Citroën has revealed a new fastback-inspired reworking of the genre-bending C4 that is designed to fill a gap beneath the new Citroën C5 X in the firm’s line-up – and only be offered in the UK with an electric powertrain.
While the front of the new Citroën e-C4 X is identical to the C4 SUV-inspired hatch, it has been extensively reworked from the B pillar backwards. The hatchback rear has been switched for an elongated fastback body, which extends the length of the machine to 4600mm. That makes it 240mm longer than the Citroën C4, and 200mm shorter than the larger C5 X.
That length also makes the e-C4 X the longest machine built on Stellantis’s CMP platform that is intended for small cars.
The extended rear of the machine also features a number of unique design cues, including distinctive new LED rear lights and bumper, along with black inserts designed to echo those featured on the C5 Aircross.
With the wheelbase of the machine unchanged at 2670mm, Citroën designers have focused on increasing space in the rear and boot of the car. Rear passengers now get 198mm of knee room – aided by more reclines 27-degree seat backs – while the boot – which has a fixed rather than hatchback partition – has a capacity of 510 litres, 130 litres more than the regular C4.
The front cabin is largely unchanged from the standard C4, although the e-C4 X does get the new MyCitroën Drive Plus infotainment system that was first seen on the C5 X, and which features a larger 10in touchscreen.
The e-C4 X retains the 134bhp, 192lb ft electric powertrain of the e-C4, along with the 50kWh battery from that model. It has a 0-62mph time of 9.5 seconds, and a limited top speed of 93mph. The more aerodynamic design of the e-C4 X, which has a drag coefficient of 0.29, gives it a range range of 224 miles, five more than the e-C4.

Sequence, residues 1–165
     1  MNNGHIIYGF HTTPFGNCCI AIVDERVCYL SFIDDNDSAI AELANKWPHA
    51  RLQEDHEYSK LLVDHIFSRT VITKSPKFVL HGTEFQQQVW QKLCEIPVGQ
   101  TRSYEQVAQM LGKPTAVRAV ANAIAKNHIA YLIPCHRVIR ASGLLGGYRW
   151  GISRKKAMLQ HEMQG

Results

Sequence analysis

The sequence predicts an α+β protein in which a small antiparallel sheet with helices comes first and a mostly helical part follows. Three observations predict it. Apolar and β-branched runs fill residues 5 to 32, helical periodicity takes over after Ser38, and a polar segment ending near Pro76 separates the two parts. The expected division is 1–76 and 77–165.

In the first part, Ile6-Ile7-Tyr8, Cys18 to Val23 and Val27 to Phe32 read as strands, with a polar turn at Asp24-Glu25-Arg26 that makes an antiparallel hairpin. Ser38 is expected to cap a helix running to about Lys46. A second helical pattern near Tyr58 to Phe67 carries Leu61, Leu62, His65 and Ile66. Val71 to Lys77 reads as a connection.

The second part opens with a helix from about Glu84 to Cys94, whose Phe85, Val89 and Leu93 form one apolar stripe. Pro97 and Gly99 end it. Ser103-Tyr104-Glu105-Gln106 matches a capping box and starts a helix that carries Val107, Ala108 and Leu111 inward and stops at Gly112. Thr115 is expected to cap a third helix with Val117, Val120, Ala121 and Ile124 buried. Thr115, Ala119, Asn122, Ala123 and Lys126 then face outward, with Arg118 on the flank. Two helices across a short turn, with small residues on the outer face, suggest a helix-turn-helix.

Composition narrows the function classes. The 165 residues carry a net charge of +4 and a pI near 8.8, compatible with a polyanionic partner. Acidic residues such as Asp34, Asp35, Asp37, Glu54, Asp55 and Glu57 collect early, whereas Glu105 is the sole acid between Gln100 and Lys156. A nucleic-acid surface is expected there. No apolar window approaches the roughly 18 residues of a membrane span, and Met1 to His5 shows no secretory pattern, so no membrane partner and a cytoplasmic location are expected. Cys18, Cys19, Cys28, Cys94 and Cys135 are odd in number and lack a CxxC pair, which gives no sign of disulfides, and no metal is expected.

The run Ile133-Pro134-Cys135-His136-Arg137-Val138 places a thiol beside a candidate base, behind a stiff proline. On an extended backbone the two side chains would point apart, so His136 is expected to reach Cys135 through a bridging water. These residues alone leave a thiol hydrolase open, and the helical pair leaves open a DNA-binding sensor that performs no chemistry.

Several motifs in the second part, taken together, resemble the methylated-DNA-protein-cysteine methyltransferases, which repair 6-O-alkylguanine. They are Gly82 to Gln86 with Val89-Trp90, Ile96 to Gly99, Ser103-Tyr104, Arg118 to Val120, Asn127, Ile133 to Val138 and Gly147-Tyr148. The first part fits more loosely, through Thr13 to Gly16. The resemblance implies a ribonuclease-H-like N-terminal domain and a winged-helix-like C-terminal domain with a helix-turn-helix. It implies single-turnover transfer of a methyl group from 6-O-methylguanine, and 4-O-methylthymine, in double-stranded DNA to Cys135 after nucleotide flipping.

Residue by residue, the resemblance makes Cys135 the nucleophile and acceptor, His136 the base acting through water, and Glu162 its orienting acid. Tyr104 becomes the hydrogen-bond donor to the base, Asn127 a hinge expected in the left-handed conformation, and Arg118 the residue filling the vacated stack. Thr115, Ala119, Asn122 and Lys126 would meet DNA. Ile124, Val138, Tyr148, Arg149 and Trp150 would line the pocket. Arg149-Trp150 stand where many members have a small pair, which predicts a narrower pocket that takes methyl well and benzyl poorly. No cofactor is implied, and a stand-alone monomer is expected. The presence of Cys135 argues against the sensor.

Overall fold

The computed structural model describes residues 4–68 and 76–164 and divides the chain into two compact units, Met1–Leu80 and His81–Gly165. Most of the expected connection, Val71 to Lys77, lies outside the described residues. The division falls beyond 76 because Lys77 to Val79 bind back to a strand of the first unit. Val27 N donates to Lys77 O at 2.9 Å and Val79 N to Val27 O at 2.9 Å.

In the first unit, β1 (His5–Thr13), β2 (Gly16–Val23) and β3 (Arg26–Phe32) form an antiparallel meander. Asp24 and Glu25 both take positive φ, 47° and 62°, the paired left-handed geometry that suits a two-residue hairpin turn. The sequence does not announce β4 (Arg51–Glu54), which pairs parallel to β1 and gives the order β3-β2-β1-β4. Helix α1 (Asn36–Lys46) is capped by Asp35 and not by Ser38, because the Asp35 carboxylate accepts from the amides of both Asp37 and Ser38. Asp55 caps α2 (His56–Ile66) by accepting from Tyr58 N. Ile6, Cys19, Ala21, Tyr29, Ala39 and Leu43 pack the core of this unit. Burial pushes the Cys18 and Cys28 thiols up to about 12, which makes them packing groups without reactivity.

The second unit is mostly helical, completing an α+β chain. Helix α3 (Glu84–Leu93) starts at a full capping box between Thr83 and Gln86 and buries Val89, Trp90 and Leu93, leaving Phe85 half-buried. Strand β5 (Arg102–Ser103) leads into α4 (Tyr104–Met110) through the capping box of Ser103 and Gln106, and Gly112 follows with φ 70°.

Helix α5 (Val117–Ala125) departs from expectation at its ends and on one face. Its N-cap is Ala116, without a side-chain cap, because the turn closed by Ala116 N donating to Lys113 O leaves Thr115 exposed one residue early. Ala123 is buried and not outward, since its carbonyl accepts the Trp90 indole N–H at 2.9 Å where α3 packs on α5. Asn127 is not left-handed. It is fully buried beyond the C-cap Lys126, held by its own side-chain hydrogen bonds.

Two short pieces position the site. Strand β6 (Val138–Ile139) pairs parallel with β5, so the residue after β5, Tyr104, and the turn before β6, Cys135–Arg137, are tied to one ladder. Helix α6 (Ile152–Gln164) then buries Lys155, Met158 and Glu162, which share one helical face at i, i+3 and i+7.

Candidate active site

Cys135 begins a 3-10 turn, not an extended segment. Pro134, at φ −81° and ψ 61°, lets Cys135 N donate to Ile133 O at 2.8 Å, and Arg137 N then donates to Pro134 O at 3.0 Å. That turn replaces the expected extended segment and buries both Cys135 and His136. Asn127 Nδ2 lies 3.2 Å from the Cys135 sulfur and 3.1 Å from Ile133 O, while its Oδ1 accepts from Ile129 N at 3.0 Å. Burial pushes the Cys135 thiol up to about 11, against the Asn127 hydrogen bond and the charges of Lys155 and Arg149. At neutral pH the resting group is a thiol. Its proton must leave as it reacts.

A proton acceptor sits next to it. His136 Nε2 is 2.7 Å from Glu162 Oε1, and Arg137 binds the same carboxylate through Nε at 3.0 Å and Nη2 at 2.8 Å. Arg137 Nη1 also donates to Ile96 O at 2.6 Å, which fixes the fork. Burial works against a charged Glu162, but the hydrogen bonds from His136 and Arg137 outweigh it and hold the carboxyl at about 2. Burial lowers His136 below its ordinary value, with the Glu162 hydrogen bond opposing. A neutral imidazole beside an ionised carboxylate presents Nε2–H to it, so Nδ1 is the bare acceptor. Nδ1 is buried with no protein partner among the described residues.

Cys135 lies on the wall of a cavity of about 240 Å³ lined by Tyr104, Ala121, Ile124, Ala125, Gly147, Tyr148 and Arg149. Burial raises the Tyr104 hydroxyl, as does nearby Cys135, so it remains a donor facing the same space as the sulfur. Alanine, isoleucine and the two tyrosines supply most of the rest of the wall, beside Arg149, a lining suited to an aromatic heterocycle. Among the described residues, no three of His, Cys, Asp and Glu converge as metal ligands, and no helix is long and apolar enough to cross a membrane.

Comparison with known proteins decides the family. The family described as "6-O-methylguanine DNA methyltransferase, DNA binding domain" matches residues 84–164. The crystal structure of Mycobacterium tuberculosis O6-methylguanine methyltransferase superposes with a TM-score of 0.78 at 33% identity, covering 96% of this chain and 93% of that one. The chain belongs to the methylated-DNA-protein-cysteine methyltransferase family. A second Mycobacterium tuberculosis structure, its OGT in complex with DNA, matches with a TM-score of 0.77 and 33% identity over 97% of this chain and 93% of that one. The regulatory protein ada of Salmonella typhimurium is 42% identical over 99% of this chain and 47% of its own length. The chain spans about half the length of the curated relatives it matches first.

Citroën is aiming the e-C4 X at families seeking a cost-effective car, but also thinks the extra space in the rear and boot could make it a popular choice for private hire drivers seeking a relatively affordable electric option.
The machine has also been conceived as a global car, with the four-door saloon style largely intended to aid its popularity in the Middle East and Africa. While it will be offered in those market and some European countries with petrol and diesel engines, in the UK, Nordic and select Western European markets it will be offered purely in electric form.
The e-C4 X will be produced at Stellantis’s Madrid, Spain plant on the same line as the regular C4. Order books are expected to open late this year, with deliveries beginning in early 2023.
Exact UK trim levels and pricing have yet to be set, but insiders suggest it will be close to the existing e-C4, which starts at £28,495.
Pierre Leclercq, Citroën design boss
What was the starting point for this car?
“The request from the strategy department was to make another car based on the C4, but it has to reach 4.6 metres and have a huge boot – but we don’t want a limousine, it has to be exciting, sexy. Adding 25 centimetres to the rear is really not what a designer wants, because you have to shift the masses a bit. So we wanted to do something super sexy, stretched, so we tilted the rear forward and gave it an attitude that is almost unique.”
How does the e-C4 X showcase Citroën’s design language?
“We have a design language that is evolving faster, as you can see on the C5 Aircross as well. Everything you see in terms of body light and colours and contrast we wanted to sit in between a formula of Citroën that is very pure and simple, but with details that are going to become sharper and more three-dimensional – and far more non-automotive.”
While this will be electric only in some markets, it still use a multi-powertrain platform. Will you be able to take lessons from this to future EVs built on pure electric architecture?
“That will obviously give us a lot of freedom. It’s obviously super cool what we’re going to do for electric platforms in terms of exteriors and overhangs and what we can offer with interior space. For me, the biggest advantage of an EV is in terms of interior and feeling. You have a completely different volume, so you feel like you are in a new environment. That’s something I want to create, and it’s something I haven’t experienced yet.”